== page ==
So Ric Flair, very good? Usually.

Great? Occasionally.

Greatest of all time? Not even close.

But hey, if you think he's the greatest, and you've sold yourself on that thought so far down the river you can't even tolerate a credible argument that differs, go right ahead. I mark it up to judgment-clogging nostalgia, something I am not guilty of because when I go back to watch Hogan matches, I don't sit around thinking it's better than anything going today. I just enjoy the warm fuzzy feeling the memories give me and, most importantly, don't close the door on anything ever being that good again, which is more or less what all Flair fans do when they utter the phrase "greatest of all time", and go around saying that the people who give him standing ovations today just never saw the four horsemen in their prime and our the wrestling equivalent of unenlightened heathens. No, fellas. Maybe we just had a different opinion, and maybe yours isn't fact.

(edited by Hogan's My Dad on 20.8.05 2232)

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CRZ
Big Brother
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Since: 9.12.01
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#26 Posted on | Instant Rating: 8.52
    Originally posted by Hogan's My Dad
    (hundreds of words)
Golly, you sure take this personally! But....hey. Congratulations on a valiant attempt to shift the focus of this Hogan thread onto Flair.



CRZ
BigSteve
Pepperoni








Since: 23.7.04
From: Baltimore, MD

Since last post: 2872 days
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#27 Posted on | Instant Rating: 2.88

    Flair too had his good matches with great workers like Barry Windham, Randy Savage, Ricky Steamboat, Terry Funk, Harley Race, and Sting among others


And he was as much responsible for those matches as his opponents were, if not more. I'm not sure many people would say that Windham, Sting or Savage were better workers than Flair was at the time of their match. I don't know how anyone can look at the matches that Flair has had over the years (especially the Steamboat matches) and complain about his style being repetitive. He did work a similar match most of the time, but he was able to have good matches with anyone and great matches with a wide range of opponents. The cage match with Harley Race wasn't like the 45 minute draw with Sting which wasn't like the "I Quit" match with Funk which wasn't like any of his three matches with Steamboat, but the common theme is that they were all great matches that Flair played a huge role in making. No he didn't have the moveset other guys do, but guys that have the moveset couldn't have half of the great matches that Flair has had.
Torchslasher
Knackwurst








Since: 17.1.02
From: New F'n Jersey

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#28 Posted on | Instant Rating: 5.75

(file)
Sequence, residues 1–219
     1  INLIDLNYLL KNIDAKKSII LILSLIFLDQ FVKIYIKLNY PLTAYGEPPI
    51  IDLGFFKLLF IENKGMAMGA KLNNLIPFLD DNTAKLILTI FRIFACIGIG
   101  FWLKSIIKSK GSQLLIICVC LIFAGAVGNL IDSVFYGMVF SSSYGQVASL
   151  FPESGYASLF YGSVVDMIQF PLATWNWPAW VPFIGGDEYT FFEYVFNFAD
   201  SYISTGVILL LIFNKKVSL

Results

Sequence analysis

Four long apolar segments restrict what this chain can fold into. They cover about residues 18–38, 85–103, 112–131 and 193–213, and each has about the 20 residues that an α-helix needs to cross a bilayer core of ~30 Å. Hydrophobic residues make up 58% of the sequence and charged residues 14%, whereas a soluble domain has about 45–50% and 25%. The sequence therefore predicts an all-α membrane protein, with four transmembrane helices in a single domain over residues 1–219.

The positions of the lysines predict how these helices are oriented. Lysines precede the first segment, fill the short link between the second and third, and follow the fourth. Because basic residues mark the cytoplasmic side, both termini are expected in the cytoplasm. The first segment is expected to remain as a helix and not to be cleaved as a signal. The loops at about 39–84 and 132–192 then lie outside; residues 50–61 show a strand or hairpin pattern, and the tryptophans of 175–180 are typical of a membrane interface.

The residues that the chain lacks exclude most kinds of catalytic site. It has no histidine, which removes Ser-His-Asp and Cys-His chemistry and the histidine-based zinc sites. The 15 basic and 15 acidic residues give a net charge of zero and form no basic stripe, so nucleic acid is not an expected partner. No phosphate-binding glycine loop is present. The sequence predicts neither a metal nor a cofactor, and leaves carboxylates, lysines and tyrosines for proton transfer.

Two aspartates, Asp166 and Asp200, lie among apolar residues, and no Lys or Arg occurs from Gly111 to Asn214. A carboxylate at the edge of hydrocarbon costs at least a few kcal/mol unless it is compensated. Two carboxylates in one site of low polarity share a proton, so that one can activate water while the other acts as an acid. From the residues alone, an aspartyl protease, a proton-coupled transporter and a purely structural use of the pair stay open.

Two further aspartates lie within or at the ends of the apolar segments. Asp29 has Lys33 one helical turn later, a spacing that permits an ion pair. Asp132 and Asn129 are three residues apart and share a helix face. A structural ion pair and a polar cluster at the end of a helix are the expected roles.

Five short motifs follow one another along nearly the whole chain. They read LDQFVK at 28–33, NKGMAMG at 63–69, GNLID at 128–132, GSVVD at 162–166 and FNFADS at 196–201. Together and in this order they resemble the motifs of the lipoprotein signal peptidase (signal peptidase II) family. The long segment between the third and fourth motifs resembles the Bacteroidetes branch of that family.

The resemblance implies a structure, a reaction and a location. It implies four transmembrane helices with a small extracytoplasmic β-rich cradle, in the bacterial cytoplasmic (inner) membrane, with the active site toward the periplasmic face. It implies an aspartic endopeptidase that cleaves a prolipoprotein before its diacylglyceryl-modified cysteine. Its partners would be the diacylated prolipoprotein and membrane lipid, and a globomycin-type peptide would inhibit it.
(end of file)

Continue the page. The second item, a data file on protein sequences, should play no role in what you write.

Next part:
I showed this list of Hogan matches to a couple of friends who went to every MSG show from 84 to 87. It was amazing, as they would see a result and know instantly about that show. Take Hogan losing to Big John Studd on 9/22/84 by countout for instance. They would immediately remember that Hogan faced Studd the next month when the countout rule was waived. Of course Hogan won that match, but I was astounded by their instant recollections.

So, thanks for the link. They and I enjoyed it.



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flairforthegold13
Kishke








Since: 1.5.03
From: Gainesville, FL.

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#29 Posted on | Instant Rating: 0.77
Two comments:

One, growing up I always got that they pushed the idea that Hogan could bust out some technical holds IF he had too. But he had such a power advantage, why do it? I mean, go back and look at some of his old WWF offenses, invariably they'll be some neat little thing, maybe a drop toe hold, maybe some sort of counter. I just always remember the announcers pointing out that while he was a brawler, he knew other things.

Two, the World title does NOT have lineage to the NWA title, the WCW title nor any other titles. The World title currently held by Batista was created when it was handed to HHH. When Brock Lesnar became 'Smackdown exclusive' he didn't lose claim to half of his championship.

Cena's belt is the linear title.

SKLOKAZOID
Bratwurst








Since: 20.3.02
From: California

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#30 Posted on | Instant Rating: 5.45
    Originally posted by flairforthegold13
    Two, the World title does NOT have lineage to the NWA title, the WCW title nor any other titles. The World title currently held by Batista was created when it was handed to HHH. When Brock Lesnar became 'Smackdown exclusive' he didn't lose claim to half of his championship.
I think the lineage is still the same. Brock's title was no longer "undisputed" and it became simply "The WWF/WWE Championship", as it was called before the unification.

Before the Unification, Vince McMahon specifically said that the WCW Title would be the only thing remaining of WCW, and that it would thereafter be known as the "World Title." Which, not coincidentally, is what it was called when it was given to HHH.

So, the identities of the belts never changed in name, nor in the physical essence of the belt which - despite redesigns - still is the same basic belt Flair had in the NWA.

Brock lost his claim to the Undisputed Championship when the highly contrived storyline of him going to SMACKDOWN! happened. It was probably the worst way to create two belts, because the Undisputed Champion was the champion of both shows, regardless of whether the champion had an "exclusive contract" which would have been void anyway because of his prior responsibilities as champion. Once Brock was beaten by Show, Show could then appear wherever he wanted, etc.
JustinShapiro
Scrapple
Moderator








Since: 12.12.01
From: Pittsburgh, PA

Since last post: 6 days
Last activity: 6 hours
#31 Posted on | Instant Rating: 8.46
(deleted by JustinShapiro on 22.8.05 2029)